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Comparing a point of care and an ELISA nt-proBNP tests for feline cardiac disease

Apr 24, 2020
Hanås S, Holst BS, Höglund K, Häggström J, Tidholm A, Ljungvall I. Effect of feline characteristics on plasma N-terminal- prohormone B-type natriuretic peptide concentration and comparison of a point-of-care test and an ELISA test. J Vet Intern Med. 2020 Mar 22.


catheart logoCardiac disease is a common condition in domestic cats. Unlikely dogs, a large proportion of cats with heart disease have no heart murmur or other physical signs in the subclinical phase. Definitive diagnose of cardiac issues involved ultrasonography, which may be expensive and limited in availability. Diagnosis of pre-clinical heart disease and active congestive heart failure (CHF) are such challenges in general practice, and so biomarkers of heart disease have been developed. The most common of these is nt-proBNP, which may be used to detect increased stretch to the ventricular myocardium. This test is available both as a dichotomous point of care (PoC) test, as well as a quantitative laboratory test. Despite its widespread use, there is little data on the breed and individual characteristics that influence BNP status in cats.  

The purpose of this paper was to determine if there is a correlation between BNP and breed, sex, age, weight, or body condition score (BCS); if it can be used to differentiate cats with hypertrophic cardiomyopathy (HCM) from normal cats; and if there is a correlation between PoC and reference lab results. Client owned cats were recruited from a private veterinary hospital over a 3-year period.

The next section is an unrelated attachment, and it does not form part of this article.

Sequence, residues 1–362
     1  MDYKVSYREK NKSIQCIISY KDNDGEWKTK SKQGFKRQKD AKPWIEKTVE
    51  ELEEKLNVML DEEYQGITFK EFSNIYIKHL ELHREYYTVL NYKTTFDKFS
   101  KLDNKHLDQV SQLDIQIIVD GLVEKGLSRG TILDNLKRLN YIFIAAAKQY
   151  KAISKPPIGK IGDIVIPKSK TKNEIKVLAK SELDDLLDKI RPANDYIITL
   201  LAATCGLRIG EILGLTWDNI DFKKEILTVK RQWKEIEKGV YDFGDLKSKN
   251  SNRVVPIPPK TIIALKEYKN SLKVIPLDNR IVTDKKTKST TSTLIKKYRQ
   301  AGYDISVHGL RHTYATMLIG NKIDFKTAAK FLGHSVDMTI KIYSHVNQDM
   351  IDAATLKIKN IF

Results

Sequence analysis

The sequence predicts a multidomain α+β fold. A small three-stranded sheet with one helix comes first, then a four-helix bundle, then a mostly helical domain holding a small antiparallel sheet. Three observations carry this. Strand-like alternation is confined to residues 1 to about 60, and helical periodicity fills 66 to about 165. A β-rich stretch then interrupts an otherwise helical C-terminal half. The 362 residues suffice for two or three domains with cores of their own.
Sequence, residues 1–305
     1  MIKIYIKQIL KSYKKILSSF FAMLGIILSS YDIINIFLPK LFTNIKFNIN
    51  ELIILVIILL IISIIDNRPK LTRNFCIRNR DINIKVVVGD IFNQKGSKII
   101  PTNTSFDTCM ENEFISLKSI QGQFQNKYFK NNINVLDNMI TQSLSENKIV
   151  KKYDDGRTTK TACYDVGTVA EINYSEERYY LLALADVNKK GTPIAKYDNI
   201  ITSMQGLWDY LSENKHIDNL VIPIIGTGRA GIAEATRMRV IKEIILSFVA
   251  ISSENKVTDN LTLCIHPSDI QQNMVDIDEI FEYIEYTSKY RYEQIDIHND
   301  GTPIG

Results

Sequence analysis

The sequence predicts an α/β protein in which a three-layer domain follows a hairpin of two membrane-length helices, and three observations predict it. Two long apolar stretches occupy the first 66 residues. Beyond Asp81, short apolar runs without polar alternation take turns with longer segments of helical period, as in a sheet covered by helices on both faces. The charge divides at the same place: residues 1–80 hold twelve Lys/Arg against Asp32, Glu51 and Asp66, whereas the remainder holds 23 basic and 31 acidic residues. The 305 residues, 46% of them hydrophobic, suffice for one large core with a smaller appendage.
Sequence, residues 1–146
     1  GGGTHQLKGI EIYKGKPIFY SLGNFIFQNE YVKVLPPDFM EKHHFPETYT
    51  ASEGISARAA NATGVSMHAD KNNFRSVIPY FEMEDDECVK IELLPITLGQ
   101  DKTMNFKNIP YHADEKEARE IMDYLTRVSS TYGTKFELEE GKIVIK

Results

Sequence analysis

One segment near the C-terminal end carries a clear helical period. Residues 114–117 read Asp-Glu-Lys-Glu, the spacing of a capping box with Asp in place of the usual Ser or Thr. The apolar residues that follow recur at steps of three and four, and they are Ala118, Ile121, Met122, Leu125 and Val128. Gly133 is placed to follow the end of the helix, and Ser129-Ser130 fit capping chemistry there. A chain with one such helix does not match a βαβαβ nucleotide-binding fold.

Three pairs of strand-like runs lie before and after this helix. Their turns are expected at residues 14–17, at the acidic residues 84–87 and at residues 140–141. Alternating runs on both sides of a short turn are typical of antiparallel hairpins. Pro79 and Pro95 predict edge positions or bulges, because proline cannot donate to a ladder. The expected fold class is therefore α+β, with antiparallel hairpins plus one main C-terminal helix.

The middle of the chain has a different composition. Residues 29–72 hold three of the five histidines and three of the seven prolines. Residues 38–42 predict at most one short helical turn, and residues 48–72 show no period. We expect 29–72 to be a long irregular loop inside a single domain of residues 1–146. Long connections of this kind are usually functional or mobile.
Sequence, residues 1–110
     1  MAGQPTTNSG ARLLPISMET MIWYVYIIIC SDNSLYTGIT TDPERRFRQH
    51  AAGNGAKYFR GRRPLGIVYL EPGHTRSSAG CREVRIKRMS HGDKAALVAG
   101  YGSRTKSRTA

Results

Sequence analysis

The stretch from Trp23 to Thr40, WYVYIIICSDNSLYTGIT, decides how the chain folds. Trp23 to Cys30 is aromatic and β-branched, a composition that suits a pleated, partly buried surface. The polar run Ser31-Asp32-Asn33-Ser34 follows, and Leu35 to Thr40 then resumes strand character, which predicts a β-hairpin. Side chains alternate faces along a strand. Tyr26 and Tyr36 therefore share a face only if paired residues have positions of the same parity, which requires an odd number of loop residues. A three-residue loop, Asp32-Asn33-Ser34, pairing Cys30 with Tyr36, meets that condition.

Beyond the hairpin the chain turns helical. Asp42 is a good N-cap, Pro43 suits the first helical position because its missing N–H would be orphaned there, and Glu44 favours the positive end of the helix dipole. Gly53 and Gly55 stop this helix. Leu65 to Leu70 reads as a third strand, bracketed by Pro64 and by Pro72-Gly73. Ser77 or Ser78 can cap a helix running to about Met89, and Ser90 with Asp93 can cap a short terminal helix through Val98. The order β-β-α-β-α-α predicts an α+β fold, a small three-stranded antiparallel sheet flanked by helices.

Cats were between 1 and 14 years of age, healthy or with preclinical or stable clinical HCM. Cats were excluded for hypertension, hyperthyroidism, chronic kidney disease (CKD), or diabetes mellitus. They were also excluded for decompensated heart disease or cardiac disorders other than HCM. All cats received blood pressure measurement, echocardiography, CBC and basic serum chemistries. Quantitative BNP analysis was sent to a reference lab, and in house PoC BNP testing. 

One hundred eighteen apparently healthy cats were recruited to the study, of which 18 were excluded for the above criteria. 48 cats with murmurs or previously diagnosed HCM were recruited, of which 9 were excluded. This left 100 health control cats, 32 cats with HCM and no LA enlargement, and 7 cats with HCM and left atrial (LA) enlargement. 

The median nt-proBNP concentration was higher in male cats than females (49 pmol/L vs <24 pmol/L). BNP was higher in cats with systolic anterior motion (SAM) than in those who did not. nt-proBNP trended upwards with increased LVFWd (left ventricular free wall in diastole). These were the only findings that were maintained over multivariate analysis; breed, weight, age, and BCS were not associated with BNP. 

The PoC BNP assay had a sensitivity of 72-74% and a specificity of 95-98%. The sensitivity became 100% and sensitivity of 95-98% when considering only cats with LA enlargement. The ELISA and PoC tests did not have significantly different results. 

This paper had a large number of wide-ranging goals and suffered from a fairly low sample size to achieve those goals. It also excluded cats with comorbidities, which represent a significant portion of cats with HCM. 

This study suggests that male cats have a higher np-proBNP than female cats, but that there is no other variation associated with biologic parameters. It also suggests that laboratory and PoC tests have similar sensitivity and specificity. (MRK)

See Also

Machen MC, Oyama MA, Gordon SG, et al. Multi-centered investigation of a point-of-care NT-proBNP ELISA assay to detect moderate to severe occult (pre-clinical) feline heart disease in cats referred for cardiac evaluation. J Vet Cardiol. 2014;16:245-255.

 

Cardiomyopathy Screening tests HCM nt-proBNP heart disease cardiac biomarkers

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